THIS master of a ship I remember first as a slim lad, with a shy smile, and large hands that were lonely beyond his outgrown reefer jacket. His cap was always too small for him, and the soiled frontal badge of his line became a coloured button beyond his forelock. He used to come home occasionally--and it was always when we were on the point of forgetting him altogether. He came with a huge bolster in a cab, as though out of the past and nowhere. There is a tradition, a book tradition, that the boy apprenticed to the sea acquires saucy eyes, and a self-reliance always ready to dare to that bleak extreme the very thought of which horrifies those who are lawful and cautious. They know better who live where the ships are. He used to bring his young shipmates to see us, and they were like himself. Their eyes were downcast. They showed no self-reliance. Their shyness and politeness, when the occasion was quite simple, were absurdly incommensurate even with modesty. Their sisters, not nearly so polite, used to mock them.
As our own shy lad was never with us for long, his departure being as abrupt and unannounced as his appearance, we could willingly endure him. But he was extraneous to the household. He had the impeding nature of a new and superfluous piece of furniture which is in the way, yet never knows it, and placidly stays where it is, in its wooden manner, till it is placed elsewhere. There was a morning when, as he was leaving the house, during one of his brief visits to his home, I noticed to my astonishment that he had grown taller than myself. How had that happened? And where? I had followed him to the door that morning because, looking down at his cap which he was nervously handling, he had told me he was going then to an examination. About a week later he announced, in a casual way, that he had got his master's ticket. After the first shock of surprise, caused by the fact that this information was an unexpected warning of our advance in years, we were amused, and we congratulated him. Naturally he had got his certificate as master mariner. Why not? Nearly all the mates we knew got it, sooner or later. That was bound to come. But very soon after that he gave us a genuine surprise, and made us anxious. He informed us, as casually, that he had been appointed master to a ship; a very different matter from merely possessing the licence to command.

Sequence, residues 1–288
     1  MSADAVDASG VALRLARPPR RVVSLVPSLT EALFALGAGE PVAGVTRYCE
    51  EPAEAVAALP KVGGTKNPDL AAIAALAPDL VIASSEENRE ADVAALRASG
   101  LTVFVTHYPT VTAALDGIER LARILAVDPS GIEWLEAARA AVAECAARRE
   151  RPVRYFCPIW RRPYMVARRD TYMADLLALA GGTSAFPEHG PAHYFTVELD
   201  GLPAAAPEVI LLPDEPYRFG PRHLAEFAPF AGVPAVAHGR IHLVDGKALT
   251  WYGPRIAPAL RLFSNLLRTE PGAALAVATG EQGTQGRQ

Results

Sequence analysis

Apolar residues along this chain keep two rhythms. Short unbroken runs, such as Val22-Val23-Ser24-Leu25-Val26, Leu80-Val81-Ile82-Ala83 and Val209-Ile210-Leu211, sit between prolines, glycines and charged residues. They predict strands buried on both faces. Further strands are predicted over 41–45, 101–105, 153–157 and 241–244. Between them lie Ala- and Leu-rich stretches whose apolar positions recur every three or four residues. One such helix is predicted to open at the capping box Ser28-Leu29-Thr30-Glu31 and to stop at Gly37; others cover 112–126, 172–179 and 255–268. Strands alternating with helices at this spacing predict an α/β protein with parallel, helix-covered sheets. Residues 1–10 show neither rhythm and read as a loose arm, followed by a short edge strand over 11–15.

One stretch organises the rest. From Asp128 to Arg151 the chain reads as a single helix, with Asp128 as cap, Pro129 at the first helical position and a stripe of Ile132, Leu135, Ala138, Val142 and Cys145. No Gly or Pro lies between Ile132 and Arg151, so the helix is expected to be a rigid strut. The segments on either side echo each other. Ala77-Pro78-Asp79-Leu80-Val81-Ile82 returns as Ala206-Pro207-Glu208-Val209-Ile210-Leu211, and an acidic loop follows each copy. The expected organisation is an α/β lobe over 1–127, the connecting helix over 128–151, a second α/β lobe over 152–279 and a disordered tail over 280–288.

We were even alarmed. This was serious. He could not do it. He was not the man to make a command for anything. A fellow who, not so long ago, used to walk a mile with a telegram because he had not the strength of character to face the lady clerk in the post office round the corner, was hardly the man to overawe a crowd of hard characters gathered by chance from Tower Hill, socialize them, and direct them successfully in subduing the conflicting elements of a difficult enterprise. Not he. But we said nothing to discourage him.
Of course, he was a delightful fellow. He often amused us, and he did not always know why. He was frank, he was gentle, but that large vacancy, the sea, where he had spent most of his young life, had made him--well, slow. You know what I mean. He was curiously innocent of those dangers of great cities which are nothing to us because we know they are there. Yet he was always on the alert for thieves and parasites. I think he enjoyed his belief in their crafty omnipresence ashore. Proud of his alert and knowing intelligence, he would relate a long story of the way he had not only frustrated an artful shark, but had enjoyed the process in perfect safety. That we, who rarely went out of London, never had such adventures, did not strike him as worth a thought or two. He never paused in his merriment to consider the strange fact that to him, alone of our household, such wayside adventures fell. With a shrewd air he would inform us that he was about to put the savings of a voyage into an advertised trap which a country parson would have stepped over without a second contemptuous glance.